We visited the Lakeside and Haverthwaite Railway and Windermere cruises whilst on holiday at Heysham and the Lakedistrict. We have visited the Lakeside and Haverthwaite previously when our child was a toddler, but this was our first time on the Windermere Cruise to Bowness.
Based on our previous visit to the cafe at Lakeside we decided to eat at the Haverthwaite cafe first. The cafe at Haverthwaite is in the station access from the platform. It didn't have a children's menu as such, but there were a number of the adult meals available as child portions which was certainly an improvement on the experience we had at Lakeside on our previous visit.
The train ride is fairly short but long enough for the children to enjoy it. We then went on the boat to Bowness On Windermere.
We had purchased a combined train and cruise ticket which was a significant saving on buying both individually which worked well. After getting off the train at Lakeside we then joined the queue to board the boat to Bowness-on-Windermere. As this was a peak time the queue was very long and they had put on an extra boat. The additional boat arrived first and they asked for anyone in the queue that wanted to go on this extra boat. We went on that boat, but was disappointed with it. The boat we took was a modern boat with seating on top (which was full) and table and chair seating inside. Once sat down we were limited to our seats and there wasn't much opportunity to move around. If you are travelling with children I'd recommend staying in the queue for the normal scheduled boat instead.
We alighted at Bowness-on-Windermere and spent a couple of hours in the town. We visited the amusement arcade under The Lakeside pub and restaurant. We have eaten at the restaurant a couple of times before, but it was several years ago (from memory I believe it was quite good). We didn't eat in the restaurant this time.
We then went up the hill towards the town where there is a great toy shop. The shop is quite small split over two floors (stairs up to the first floor), but it has an awful lot in such a small shop. There is just about enough space to get a pushchair in as long as it's not too busy. We then explored a few other shops and had ice creams from one of the many shops with large a large selection of different flavours which is quite common in Bowness. If you have longer to explore there is also the The World of Beatrix Potter exhibition and visitor attraction, but we took a separate trip into the Lake District to visit that.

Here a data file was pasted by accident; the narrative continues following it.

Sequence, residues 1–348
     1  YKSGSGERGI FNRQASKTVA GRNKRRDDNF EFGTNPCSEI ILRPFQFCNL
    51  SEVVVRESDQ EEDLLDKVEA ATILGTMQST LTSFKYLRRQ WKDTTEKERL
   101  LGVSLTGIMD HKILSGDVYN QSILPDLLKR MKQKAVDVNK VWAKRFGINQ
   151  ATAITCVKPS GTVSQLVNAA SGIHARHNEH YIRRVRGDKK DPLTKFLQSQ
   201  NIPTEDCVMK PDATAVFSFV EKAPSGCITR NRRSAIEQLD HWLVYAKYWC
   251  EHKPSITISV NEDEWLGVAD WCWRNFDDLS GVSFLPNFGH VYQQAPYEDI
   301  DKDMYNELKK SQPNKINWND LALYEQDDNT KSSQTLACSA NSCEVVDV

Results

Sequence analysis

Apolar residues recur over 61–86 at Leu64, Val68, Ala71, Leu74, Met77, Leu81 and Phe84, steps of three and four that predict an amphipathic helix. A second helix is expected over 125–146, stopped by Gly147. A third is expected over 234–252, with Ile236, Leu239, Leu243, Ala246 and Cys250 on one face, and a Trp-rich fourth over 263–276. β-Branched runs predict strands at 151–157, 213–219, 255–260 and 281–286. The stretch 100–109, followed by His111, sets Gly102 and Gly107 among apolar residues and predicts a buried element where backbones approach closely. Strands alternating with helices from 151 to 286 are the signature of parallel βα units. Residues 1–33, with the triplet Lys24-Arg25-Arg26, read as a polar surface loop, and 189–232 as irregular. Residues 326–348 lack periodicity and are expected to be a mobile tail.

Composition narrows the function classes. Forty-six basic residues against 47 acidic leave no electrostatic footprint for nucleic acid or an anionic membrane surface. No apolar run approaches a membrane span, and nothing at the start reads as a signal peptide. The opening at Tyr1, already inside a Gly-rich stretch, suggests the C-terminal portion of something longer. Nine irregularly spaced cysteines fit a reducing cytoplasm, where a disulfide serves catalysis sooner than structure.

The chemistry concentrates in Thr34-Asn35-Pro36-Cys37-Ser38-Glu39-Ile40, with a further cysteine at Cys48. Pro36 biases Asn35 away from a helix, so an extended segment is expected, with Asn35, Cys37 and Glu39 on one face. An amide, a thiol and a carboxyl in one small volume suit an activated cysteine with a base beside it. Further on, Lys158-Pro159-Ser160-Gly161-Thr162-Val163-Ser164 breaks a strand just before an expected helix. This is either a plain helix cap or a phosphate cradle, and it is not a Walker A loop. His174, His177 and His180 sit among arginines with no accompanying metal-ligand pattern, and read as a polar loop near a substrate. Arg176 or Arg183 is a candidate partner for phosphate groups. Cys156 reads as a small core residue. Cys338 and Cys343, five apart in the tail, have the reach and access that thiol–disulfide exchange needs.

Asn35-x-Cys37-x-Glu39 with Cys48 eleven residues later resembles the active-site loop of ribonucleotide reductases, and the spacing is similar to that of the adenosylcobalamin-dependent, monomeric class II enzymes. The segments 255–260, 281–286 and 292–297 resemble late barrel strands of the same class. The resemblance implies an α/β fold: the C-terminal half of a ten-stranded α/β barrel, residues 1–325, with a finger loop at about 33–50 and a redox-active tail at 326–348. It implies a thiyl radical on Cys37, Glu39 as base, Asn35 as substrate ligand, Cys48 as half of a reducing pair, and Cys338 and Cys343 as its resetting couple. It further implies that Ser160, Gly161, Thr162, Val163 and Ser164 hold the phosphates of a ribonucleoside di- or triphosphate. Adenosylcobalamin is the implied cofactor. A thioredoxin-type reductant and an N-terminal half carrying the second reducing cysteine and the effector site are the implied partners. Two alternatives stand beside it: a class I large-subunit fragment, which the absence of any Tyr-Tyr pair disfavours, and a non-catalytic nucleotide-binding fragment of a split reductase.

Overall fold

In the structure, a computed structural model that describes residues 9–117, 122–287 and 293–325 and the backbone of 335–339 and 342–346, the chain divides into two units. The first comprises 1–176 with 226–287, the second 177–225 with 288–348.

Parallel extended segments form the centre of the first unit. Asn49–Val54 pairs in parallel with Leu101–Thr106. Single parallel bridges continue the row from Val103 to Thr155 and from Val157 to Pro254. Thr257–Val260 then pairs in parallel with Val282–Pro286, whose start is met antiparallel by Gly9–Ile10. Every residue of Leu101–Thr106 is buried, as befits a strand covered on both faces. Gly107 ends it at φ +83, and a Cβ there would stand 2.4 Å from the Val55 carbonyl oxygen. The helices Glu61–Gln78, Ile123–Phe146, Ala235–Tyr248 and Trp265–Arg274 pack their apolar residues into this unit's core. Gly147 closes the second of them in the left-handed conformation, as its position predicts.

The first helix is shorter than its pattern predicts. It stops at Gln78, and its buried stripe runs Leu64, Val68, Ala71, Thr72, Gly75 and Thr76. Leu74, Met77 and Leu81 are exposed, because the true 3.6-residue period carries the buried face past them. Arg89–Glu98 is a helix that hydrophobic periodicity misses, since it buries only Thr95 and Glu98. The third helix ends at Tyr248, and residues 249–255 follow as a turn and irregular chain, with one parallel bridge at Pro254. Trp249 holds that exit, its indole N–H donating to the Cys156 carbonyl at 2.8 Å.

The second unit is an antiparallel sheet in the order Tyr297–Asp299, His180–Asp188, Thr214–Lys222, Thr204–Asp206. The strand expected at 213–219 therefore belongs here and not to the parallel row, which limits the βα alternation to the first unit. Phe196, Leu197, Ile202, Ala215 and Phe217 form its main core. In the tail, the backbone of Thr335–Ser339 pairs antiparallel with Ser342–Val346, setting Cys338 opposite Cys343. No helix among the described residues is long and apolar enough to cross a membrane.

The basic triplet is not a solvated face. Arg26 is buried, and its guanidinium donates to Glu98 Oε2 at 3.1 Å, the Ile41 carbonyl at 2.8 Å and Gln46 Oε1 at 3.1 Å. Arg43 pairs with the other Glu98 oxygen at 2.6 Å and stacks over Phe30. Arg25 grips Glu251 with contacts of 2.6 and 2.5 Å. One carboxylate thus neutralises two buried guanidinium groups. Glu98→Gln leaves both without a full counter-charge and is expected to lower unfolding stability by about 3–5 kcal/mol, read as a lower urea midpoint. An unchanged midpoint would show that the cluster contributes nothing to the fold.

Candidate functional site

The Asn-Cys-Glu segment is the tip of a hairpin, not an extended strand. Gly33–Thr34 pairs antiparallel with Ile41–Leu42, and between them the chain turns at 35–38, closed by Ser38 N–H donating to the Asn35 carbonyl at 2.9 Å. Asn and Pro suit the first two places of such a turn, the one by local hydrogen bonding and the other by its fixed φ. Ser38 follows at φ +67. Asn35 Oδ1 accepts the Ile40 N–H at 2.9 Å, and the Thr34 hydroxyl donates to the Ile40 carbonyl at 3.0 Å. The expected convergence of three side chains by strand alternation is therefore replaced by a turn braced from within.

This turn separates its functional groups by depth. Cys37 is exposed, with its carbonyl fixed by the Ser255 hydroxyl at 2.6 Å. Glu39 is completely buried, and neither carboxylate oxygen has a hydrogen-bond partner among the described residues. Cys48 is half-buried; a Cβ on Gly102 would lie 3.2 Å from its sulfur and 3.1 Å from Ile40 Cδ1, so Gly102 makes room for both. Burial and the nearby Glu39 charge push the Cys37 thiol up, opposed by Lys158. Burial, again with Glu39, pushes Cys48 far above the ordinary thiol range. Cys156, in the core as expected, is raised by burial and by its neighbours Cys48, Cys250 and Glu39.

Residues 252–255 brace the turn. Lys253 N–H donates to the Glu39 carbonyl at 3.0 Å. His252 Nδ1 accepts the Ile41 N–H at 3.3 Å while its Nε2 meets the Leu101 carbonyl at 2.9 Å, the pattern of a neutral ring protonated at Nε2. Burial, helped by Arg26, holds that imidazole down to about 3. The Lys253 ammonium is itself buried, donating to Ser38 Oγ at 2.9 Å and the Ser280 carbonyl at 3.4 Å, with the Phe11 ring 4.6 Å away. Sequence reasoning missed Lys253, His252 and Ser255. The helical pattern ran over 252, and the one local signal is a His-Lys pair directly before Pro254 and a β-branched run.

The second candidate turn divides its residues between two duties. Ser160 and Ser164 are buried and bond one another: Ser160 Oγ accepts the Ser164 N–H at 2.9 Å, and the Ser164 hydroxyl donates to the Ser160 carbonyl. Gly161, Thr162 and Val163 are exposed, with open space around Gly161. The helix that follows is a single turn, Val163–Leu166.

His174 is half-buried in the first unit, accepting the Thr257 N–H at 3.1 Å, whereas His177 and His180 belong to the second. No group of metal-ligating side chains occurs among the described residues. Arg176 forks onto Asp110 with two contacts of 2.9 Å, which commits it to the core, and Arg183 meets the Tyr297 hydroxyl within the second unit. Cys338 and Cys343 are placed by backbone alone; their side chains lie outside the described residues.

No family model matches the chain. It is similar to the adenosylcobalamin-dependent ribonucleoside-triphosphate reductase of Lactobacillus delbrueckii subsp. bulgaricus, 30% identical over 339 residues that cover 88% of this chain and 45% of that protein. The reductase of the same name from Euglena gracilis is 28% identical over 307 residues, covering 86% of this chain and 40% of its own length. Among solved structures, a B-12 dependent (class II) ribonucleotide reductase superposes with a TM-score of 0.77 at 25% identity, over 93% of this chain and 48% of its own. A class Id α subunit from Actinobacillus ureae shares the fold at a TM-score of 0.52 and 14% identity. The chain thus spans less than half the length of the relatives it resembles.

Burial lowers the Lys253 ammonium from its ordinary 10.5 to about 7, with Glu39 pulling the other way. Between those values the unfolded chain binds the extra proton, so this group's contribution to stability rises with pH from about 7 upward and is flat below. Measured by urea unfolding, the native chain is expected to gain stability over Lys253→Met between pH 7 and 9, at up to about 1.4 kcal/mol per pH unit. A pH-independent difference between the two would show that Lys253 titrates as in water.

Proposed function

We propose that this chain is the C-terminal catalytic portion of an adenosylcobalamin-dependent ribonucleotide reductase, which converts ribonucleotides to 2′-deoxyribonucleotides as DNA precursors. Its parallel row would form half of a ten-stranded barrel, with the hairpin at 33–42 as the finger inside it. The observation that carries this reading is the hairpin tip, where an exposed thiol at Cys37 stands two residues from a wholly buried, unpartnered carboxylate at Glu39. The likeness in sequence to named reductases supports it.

We went back on one of the later boats. Note that if you are planning to return on the train then you have to make sure your return boat is before the departure time of the train as the boats continue running after the trains do. There was a long queue for the boat but we were able to board. I think the may have had to make some people wait for the next boat, but I'm not sure as the queue extended a long way behind us. There was one later boat that would have still got us back in time had we not got on this boat. They may put extra boats on for the link with the final return train journey, but if you need to get on to a certain boat and the outbound trip was busy then I suggest you arrive at the pier at least 15 minutes before departure time just in case.
The boat for our return journey was much better than the outbound journey. We folded our pushchair, but there was space to leave pushchairs up if required. There was seating areas on the deck (much of which was covered in case of rain) as well as an indoor cabin down some stairs which also had tables and a drinks and snack kiosk. The boat also had toilets on board.
Despite being a long queue in front of us we were able to get seats looking directly over the port side. It was starting to drop cold and towards the end of the journey we spent some time sitting in the cabin area where it was warmer, but doing so meant that we lost our seats on deck.
It was easy to walk around the boat and it made the journey more enjoyable exploring the boat and being able to go to other parts of the boat to get an unobstructed view of the other side of the lake.